1. It has been almost two years since the Indonesian Insurance Law (“Insurance Law 2014”) was passed into law by the Indonesian House of Representatives (click here for our e-bulletin dated 2 October 2014 on the Insurance Law 2014).
2. The Insurance Law 2014 envisaged that the relevant implementing regulations, which will provide the detailed implementing rules, will be issued within two and a half years of the law being promulgated. To date, however, a number of key implementing regulations have yet to be issued by the Indonesian Financial Services Authority (locally known as the “OJK”). That said, in the period since the Insurance Law 2014 was passed into law, a number of important market and (often unwritten) regulatory practices have developed which impacts on the execution of insurance M&A transactions in Indonesia.
3. In this bulletin, we highlight in particular four key areas which are often carefully considered when implementing insurance M&A transactions in Indonesia:
Foreign ownership limit for Indonesian insurance companies;
Definition of “controller” of an Indonesian insurance company and applicability of “fit and proper” test;
OJK’s “single presence policy” in the Indonesian insurance sector; and
Bancassurance arrangements, in particular whether exclusive arrangements are permissible.
Foreign ownership limit for Indonesian insurance companies
4. As noted in our previous e-bulletin of 2 October 2014 (click here), the Insurance Law 2014 did not enshrine within the primary legislation passed by the Indonesian House of Representative (locally known as the “DPR”) the specific quantitative foreign ownership limit applicable to Indonesian insurance companies. Instead, the Insurance Law 2014 left open the possibility that the Indonesian government may still lower the foreign ownership limit via subsidiary government regulations in the future. This has not happened yet to date.
5. Hence, as things currently stand, the position remains that:
- Establishment. Foreign share participation in an Indonesian insurance company is limited to 80% at the time of establishment, but foreign shareholders have in practice been able to subsequently increase their shareholdings beyond 80% by subscribing for new shares, provided that the total capital issued to the local party is maintained (in other words, the local party can be diluted by further issue of shares).
- Secondary sale. In practice, OJK is currently still approving sale by local controllers to foreign buyers of up to 80% ownership in Indonesian insurance companies, provided that the foreign buyers can satisfy OJK’s requirements, including the required fit and proper test and (where relevant) the single presence policy requirements (see below).
6. There remains a possibility that the Indonesian government may in the future seek to reduce the foreign ownership limit for Indonesian insurance companies, but the timing of any such change currently remains uncertain.
Definition of “controller” of an Indonesian insurance company and applicability of “fit and proper” test
7. As explained in our previous e-bulletin of 2 October 2014 (click here), the Insurance Law 2014 provides that an insurance company must specify at least one “controller” in relation to the insurance company. A “controller” is defined under the Insurance Law 2014 as a party which directly or indirectly has the ability to determine the directors or commissioners and/or influence the actions of the directors or commissioners. No further details are provided under the Insurance Law 2014 but the 2014 law provides that further details regarding the criteria of a “controller” will be provided in further OJK regulations.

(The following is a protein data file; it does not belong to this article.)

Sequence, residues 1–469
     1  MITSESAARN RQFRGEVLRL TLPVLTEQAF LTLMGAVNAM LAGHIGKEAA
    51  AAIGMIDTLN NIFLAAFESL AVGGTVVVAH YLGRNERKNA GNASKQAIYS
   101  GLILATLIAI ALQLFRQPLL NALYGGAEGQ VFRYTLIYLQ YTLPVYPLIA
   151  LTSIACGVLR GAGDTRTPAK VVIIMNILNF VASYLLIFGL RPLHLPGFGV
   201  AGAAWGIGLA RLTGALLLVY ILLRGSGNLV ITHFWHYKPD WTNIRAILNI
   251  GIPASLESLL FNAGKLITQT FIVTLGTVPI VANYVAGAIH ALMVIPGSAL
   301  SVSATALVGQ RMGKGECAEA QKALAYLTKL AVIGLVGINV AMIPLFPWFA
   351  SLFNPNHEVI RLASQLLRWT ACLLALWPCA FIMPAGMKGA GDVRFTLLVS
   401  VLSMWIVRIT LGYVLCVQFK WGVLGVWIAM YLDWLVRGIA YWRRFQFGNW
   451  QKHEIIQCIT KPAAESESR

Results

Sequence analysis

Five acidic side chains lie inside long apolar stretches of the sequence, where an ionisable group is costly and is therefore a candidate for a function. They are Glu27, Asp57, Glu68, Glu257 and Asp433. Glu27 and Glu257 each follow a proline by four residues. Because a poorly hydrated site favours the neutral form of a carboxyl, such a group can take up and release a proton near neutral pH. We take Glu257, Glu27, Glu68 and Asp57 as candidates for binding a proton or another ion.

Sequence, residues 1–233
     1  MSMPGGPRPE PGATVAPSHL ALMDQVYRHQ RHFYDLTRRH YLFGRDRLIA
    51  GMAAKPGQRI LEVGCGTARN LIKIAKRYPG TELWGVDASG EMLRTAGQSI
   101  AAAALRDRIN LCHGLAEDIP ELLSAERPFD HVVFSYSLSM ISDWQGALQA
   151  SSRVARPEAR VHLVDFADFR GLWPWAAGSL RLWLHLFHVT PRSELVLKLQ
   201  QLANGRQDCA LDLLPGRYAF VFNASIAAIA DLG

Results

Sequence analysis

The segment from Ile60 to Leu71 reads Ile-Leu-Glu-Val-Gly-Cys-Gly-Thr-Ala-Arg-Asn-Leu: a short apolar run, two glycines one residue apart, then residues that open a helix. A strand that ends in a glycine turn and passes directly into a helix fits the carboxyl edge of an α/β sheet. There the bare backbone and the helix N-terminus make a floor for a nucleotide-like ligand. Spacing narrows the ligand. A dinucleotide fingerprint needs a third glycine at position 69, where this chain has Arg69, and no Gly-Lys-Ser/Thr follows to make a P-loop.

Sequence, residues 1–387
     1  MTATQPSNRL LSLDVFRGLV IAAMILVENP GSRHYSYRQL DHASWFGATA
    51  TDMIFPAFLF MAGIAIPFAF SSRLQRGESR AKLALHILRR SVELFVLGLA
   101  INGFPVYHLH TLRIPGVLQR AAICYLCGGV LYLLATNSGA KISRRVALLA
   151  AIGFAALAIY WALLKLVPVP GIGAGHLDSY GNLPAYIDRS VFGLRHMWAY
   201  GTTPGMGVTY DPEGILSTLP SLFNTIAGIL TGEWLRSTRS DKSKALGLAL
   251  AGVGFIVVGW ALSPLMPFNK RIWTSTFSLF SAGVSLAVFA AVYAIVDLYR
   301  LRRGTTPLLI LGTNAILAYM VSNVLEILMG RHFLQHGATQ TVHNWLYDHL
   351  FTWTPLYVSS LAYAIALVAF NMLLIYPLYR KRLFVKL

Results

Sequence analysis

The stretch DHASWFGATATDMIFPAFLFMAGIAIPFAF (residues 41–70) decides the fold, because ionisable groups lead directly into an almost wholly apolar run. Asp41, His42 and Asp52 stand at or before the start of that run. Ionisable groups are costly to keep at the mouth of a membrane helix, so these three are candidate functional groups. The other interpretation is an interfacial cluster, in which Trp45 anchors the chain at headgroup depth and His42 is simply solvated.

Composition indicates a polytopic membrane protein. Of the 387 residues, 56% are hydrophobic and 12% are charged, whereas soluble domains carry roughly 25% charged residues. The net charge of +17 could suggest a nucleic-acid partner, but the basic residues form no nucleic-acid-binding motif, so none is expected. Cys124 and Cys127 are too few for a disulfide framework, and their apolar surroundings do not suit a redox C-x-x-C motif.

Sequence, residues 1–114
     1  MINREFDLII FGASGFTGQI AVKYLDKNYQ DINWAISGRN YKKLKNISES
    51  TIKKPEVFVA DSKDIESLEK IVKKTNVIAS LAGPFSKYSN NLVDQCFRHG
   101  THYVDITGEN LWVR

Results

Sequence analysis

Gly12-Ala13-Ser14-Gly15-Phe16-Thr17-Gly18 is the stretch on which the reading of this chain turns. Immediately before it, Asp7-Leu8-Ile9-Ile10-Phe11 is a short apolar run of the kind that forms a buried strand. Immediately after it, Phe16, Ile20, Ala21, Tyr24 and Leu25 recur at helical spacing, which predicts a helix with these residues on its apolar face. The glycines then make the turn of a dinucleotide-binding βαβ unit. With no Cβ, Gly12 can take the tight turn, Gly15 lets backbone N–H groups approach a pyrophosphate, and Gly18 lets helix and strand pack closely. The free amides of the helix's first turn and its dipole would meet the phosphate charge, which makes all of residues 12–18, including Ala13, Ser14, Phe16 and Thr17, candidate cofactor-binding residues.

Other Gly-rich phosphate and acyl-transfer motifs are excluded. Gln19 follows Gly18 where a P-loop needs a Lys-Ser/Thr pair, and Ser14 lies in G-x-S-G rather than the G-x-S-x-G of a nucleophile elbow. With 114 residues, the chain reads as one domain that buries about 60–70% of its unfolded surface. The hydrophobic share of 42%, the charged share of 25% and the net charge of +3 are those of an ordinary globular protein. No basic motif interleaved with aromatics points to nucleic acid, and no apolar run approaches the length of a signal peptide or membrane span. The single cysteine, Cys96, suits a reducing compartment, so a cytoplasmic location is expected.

8. On 27 July 2016, OJK issued OJK Regulation No. 27/POJK.03/2016 regarding Fit and Proper Test for Main Parties of Financial Services Institutions (“OJK Regulation No.27 of 2016”), which seeks to regulate the implementation of OJK’s “fit and proper” test requirements for all financial institutions under OJK’s regulatory remit, including for insurance companies. OJK Regulation No. 27 of 2016 defines a “controller of insurance company” as a party who directly or indirectly has the ability to determine the Board of Directors (“BOD”) and the Board of Commissioner (“BOC”), and/or influence the actions of the BOD and the BOC of an insurance company. A prospective controller of an insurance company must obtain OJK’s prior approval before performing its function as a controlling shareholder. Before obtaining the “fit and proper” approval from OJK, a controller of an insurance company is prohibited from performing any actions as the controller of an insurance company, even if it has by that time owned shares in the insurance company.
9. OJK Regulation No.27 of 2016 does not, however, provide a quantitative threshold of what constitutes a “controller” of an insurance company. In practice (as a general rule of thumb) an acquisition of a shareholding of, or exceeding, 25% (which is the threshold for a “controller” in the bank sector) is likely to require OJK approval. A case-by-case analysis remains advisable at this stage, given the lack of a quantitative threshold in the regulation itself, and hence an acquisition of a stake which is less than 25% – but where the acquirer has the ability to influence the actions of the BOD/BOC of the insurance company – can, in theory, fall under the existing definition of a controller of an insurance company, and hence require OJK approval.
OJK’s “single presence policy” in the Indonesian insurance sector
10. As noted in our previous e-bulletin of 2 October 2014 (click here), the Insurance Law 2014 introduced for the first time a “single presence policy” to the insurance sector in Indonesia. In particular, the Insurance Law 2014 provides that each party can only be the “controlling shareholder” of one of each of the following categories of insurance companies:
Life insurance company
General insurance company
Syariah life insurance company
Syariah general insurance company
Syariah re-insurance company